High and volatile food prices are pushing the cost of a basic food shop, including products worth £7 in the UK, up to nearly four times the average salary in some developing nations, Save The Children has said.

The charity asked its staff in nine countries to buy a selection of food from local markets, including meat, bread, oil, milk, fruit and vegetables.

Seniors on Social Security squeezed by rising prices

For some of the 56.3 million people who get Social Security -- either because they are retired or disabled -- the increase may not be enough to keep up with rising expenses.

"We're grateful for any small increase [in Social Security benefits], but believe me, any small increase doesn't begin to cover the major increases we're seeing in things like vegetables, fruits, bread and milk," said Mason.

UNICEF: Over 439,000 Children in Poverty in Greece

More than 439,000 underage children are living below poverty level in Greece due to the ongoing crisis, according to a UNICEF report released on Oct. 16 on the occasion of the World Feed Day 2012 and the International Day for the Eradication of Poverty

Some 10% of people in Ireland cannot afford or have no access to nutritious food, a new report on food poverty has shown.

Fuel shortages at Scottish airport a warning for winter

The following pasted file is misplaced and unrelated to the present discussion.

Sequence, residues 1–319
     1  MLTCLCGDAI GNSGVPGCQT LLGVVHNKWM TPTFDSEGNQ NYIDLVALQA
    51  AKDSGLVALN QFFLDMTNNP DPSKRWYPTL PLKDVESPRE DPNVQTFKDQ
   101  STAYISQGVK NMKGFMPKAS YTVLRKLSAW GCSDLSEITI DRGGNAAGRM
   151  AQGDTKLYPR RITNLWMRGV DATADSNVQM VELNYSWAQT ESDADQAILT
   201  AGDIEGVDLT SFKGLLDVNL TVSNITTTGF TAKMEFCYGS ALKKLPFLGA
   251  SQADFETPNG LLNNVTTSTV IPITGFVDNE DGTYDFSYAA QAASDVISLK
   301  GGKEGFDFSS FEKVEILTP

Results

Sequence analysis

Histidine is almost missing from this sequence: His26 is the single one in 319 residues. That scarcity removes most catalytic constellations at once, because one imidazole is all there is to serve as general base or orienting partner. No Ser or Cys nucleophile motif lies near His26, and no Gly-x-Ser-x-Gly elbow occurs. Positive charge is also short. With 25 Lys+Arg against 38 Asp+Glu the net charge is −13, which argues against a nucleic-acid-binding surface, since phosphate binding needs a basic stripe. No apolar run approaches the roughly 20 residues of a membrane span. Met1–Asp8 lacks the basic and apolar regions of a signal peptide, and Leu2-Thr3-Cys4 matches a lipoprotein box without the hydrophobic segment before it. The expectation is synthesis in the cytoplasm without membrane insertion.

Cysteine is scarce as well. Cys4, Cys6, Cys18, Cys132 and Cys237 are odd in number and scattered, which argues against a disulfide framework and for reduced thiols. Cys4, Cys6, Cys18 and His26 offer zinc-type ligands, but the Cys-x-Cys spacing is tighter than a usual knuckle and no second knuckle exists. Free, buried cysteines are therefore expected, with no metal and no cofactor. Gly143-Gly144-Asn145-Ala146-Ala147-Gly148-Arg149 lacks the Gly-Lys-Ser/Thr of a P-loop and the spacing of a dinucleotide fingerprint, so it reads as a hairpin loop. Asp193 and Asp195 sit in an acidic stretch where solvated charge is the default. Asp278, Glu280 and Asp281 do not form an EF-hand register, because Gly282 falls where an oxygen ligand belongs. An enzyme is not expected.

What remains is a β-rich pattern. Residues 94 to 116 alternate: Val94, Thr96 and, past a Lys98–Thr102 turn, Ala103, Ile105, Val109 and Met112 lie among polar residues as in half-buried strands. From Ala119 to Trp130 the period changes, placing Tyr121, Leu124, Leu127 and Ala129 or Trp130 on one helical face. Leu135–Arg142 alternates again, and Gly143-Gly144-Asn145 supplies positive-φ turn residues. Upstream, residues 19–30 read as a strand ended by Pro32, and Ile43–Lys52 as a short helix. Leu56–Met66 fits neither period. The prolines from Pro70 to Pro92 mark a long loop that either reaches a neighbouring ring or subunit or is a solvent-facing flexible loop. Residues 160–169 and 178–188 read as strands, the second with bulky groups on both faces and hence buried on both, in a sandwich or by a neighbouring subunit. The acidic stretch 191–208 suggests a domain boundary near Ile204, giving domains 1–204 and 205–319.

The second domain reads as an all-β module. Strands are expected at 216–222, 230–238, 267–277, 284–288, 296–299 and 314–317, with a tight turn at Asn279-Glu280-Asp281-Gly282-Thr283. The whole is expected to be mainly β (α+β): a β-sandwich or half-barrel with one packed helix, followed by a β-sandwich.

Edinburgh airport said jet fuel supplies were being rationed on Tuesday because of a glitch discovered last week at a Scottish refinery owned by Ineos , a further sign Europe could be heading towards a supply crunch this winter.

Refinery maintenance and closures both in Europe and the U.S. is limiting the availability of oil products, making retailers and other consumers vulnerable to supply shocks. A similar shortfall in wholesale oil product supplies in California had motorists gasping at record $5 a gallon prices at the pump earlier this month.

Traffic tickets spike in Tampa Bay communities

An investigation by a local news team analyzing six years of data provided by every law enforcement in the state uncovered that the highest spike in traffic tickets occurred in municipalities that installed red-light cameras in 2011. Leading the way was the small town of Haines City in Polk County, which had threefold increases in citations in 2011 — 15,630 compared to 4,982 the year before, according to WTSP. The additional numbers came from about 8,800 in citations from cameras.

Greek junior gov't partner rejects labor reforms

The head of a small center-left partner in Greece's governing coalition on Tuesday ruled out new reforms demanded by bailout creditors, which he said would "crush" labor rights in the debt-crippled country. The announcement by Fotis Kouvelis of the Democratic Left party is another snag in the country's ongoing efforts to agree on a package of cuts and reforms that Parliament must approve to keep receiving bailout money Greece desperately need to stay solvent.